Behind the scenes stuff:  Access to sink/dish soap to rinse out serving dishes

If using real china, place to wash and dry it

Trash bags

paper towels

For 80 people I would also recommend someone to “work” the buffet table- basically wipe up spills, and replenish food as needed.

Lastly a clean up crew!  You don’t want to be stuck clearing plates or washing dishes in your wedding gown so make sure you have people designated to do this. 

 

Post # 11
Member
2390 posts
Buzzing bee
  • Wedding: July 2011

When you put something out on the internet, you are inviting responses.  You can’t tell people how to post, nor can you say “I know this is a terrible idea, but only respond if you’re going to validate my terrible idea!”

The reasons why this is tacky are many.  You’ve already said most people are coming from out of town – how is it that you expect them to make food?  How will you prevent having 6 veggie trays and 2 bowls of potato salad?  How will you keep things at the proper temperature?  What do people do with their food during the ceremony?  Who will clean up?

The real bottom line is that YOU are the hosts, therefore, you must, you know, HOST. You host what you can afford, nothing more.  If that’s cake and punch, that’s great!

Post # 12
Member
2390 posts
Buzzing bee
  • Wedding: July 2011

@StL.Ashley:  Yeah, but see – a wedding isn’t a family holiday.  It’s a wedding, and those doing the inviting should host.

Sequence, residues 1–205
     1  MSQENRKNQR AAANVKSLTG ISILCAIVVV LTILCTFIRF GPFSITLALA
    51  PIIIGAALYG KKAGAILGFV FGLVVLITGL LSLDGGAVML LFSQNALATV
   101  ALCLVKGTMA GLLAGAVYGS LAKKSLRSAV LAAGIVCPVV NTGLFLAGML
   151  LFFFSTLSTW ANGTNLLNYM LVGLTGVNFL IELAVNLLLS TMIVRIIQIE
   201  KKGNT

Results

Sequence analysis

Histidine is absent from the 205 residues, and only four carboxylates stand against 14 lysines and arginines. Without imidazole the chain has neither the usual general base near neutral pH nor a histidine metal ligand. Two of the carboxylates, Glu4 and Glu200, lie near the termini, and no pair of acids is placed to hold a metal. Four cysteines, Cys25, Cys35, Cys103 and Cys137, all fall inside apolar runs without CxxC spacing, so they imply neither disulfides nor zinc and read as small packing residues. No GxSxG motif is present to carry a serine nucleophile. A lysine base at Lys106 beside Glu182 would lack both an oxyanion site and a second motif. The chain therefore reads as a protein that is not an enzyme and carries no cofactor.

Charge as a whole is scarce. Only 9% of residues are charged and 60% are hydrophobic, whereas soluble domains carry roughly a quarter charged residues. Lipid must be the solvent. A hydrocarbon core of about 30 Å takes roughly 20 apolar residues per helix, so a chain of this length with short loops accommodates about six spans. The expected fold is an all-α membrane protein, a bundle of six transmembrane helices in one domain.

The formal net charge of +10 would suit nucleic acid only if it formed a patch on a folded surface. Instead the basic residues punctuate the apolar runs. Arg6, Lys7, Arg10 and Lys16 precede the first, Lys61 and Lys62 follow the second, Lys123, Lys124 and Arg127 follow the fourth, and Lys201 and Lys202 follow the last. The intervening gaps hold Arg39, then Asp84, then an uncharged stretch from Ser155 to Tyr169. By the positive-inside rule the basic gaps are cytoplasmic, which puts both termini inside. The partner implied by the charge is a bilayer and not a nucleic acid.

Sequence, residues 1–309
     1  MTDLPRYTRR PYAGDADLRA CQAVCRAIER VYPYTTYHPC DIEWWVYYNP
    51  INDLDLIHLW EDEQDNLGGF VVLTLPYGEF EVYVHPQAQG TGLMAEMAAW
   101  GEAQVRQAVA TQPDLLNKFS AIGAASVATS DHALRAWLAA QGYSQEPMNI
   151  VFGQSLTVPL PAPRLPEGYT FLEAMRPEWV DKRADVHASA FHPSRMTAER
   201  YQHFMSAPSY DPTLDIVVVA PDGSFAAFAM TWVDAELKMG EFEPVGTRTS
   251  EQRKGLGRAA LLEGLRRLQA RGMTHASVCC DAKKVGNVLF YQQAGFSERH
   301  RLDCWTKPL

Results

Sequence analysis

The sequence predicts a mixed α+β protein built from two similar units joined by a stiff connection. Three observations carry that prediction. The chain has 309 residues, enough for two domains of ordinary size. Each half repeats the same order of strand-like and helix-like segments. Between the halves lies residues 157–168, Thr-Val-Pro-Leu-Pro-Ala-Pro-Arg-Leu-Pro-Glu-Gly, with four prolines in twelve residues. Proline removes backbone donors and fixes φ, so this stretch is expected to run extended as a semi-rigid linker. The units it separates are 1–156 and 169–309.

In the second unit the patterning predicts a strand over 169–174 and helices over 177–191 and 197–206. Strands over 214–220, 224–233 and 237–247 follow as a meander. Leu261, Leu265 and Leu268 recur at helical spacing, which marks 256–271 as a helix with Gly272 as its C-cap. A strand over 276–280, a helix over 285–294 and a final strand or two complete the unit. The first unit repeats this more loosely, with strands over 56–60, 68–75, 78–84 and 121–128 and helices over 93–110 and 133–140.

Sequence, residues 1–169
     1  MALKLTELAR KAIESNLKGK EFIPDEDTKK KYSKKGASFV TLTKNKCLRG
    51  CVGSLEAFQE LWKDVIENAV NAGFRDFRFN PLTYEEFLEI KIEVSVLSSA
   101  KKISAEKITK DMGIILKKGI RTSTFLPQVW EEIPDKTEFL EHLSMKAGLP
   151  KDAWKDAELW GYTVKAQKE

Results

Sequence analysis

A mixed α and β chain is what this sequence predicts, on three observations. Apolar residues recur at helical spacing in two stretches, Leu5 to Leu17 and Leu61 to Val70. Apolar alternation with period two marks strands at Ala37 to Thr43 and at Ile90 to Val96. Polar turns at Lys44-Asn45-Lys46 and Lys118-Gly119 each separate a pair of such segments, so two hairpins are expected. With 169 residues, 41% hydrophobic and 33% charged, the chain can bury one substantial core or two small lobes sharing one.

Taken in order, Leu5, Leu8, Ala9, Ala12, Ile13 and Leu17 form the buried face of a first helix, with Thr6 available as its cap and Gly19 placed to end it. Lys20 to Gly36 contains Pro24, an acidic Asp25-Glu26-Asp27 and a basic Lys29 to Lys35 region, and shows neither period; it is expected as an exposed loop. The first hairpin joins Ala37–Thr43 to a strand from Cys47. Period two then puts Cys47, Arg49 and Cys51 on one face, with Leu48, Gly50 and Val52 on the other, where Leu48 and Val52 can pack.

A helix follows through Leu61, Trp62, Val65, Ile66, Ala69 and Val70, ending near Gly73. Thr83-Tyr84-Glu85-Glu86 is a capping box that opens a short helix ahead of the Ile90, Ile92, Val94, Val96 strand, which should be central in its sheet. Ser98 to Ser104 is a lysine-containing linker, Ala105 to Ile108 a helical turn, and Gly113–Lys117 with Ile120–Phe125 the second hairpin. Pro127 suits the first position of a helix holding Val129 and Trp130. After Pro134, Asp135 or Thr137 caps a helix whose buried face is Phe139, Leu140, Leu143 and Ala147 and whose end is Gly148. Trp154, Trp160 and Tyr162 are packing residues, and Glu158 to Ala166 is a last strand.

Post # 13
Member
2065 posts
Buzzing bee
  • Wedding: December 2011

@oneofthesethings:  I’m not the biggest fan of potlucks for weddings either, but it doesn’t have to be the end of the world. Previous posters have actually given some great suggestions to prevent the problems you mentioned – such as coordinating dishes to make sure there’s enough for everyone and having someone in charge of coordinating the food table/setup, and ensuring proper food storage. It’s all in the planning and if she has enough volunteers and puts effort into it, I don’t see why it can’t work. She isn’t forcing anyone to bring food against their will.

Post # 14
Member
2390 posts
Buzzing bee
  • Wedding: July 2011

@misspeanut:  Except that she kind of is.  It’s either bring your own food or don’t eat. That’s not hosting a party.  The very, very basic rule of etiquette is be a good host – in other words, treat your guests well.  A potluck is always an agreed upon thing, like your church or family always does it that way and everyone knows and it’s agreed upon.  A wedding is a hosted event, and she’s demanding that people bring food to her party!  How is that OK? 

Post # 15
Member
2908 posts
Sugar bee
  • Wedding: June 2013

@oneofthesethings:  It’s not “bring your food or don’t eat” – it sounds like some guests will be bringing food and others will not be. Out of 80 guests, 40 were asked to contribute and 29 agreed enthusiastically. I’m pretty sure she’s still inviting the other 51 guests to come eat and celebrate. 

I get it that it’s the host’s responsibility to provide the food and drink, but I also think it’s really lovely when a community comes together to help a couple celebrate their wedding in such a concrete way! As long as the couple is explicit about the food contribution being “the gift”, not making unreasonable demands like, “Ok, Katie, you’re in charge of filet mignon for 75!” and sends a heartfelt thank you afterwards, I would have absolutely zero problem contributing to a potluck wedding and I don’t think it’s really all that out of bounds. 

Post # 16
Member
2390 posts
Buzzing bee
  • Wedding: July 2011

@KatieBklyn:  What are people supposed to say when asked directly???  I assure you that people are going to be grumbling about this, whether they contribute or not.  

And read what you wrote – 29 people are expected to bring food for 80???  Do you have any idea how much work that’s going to be?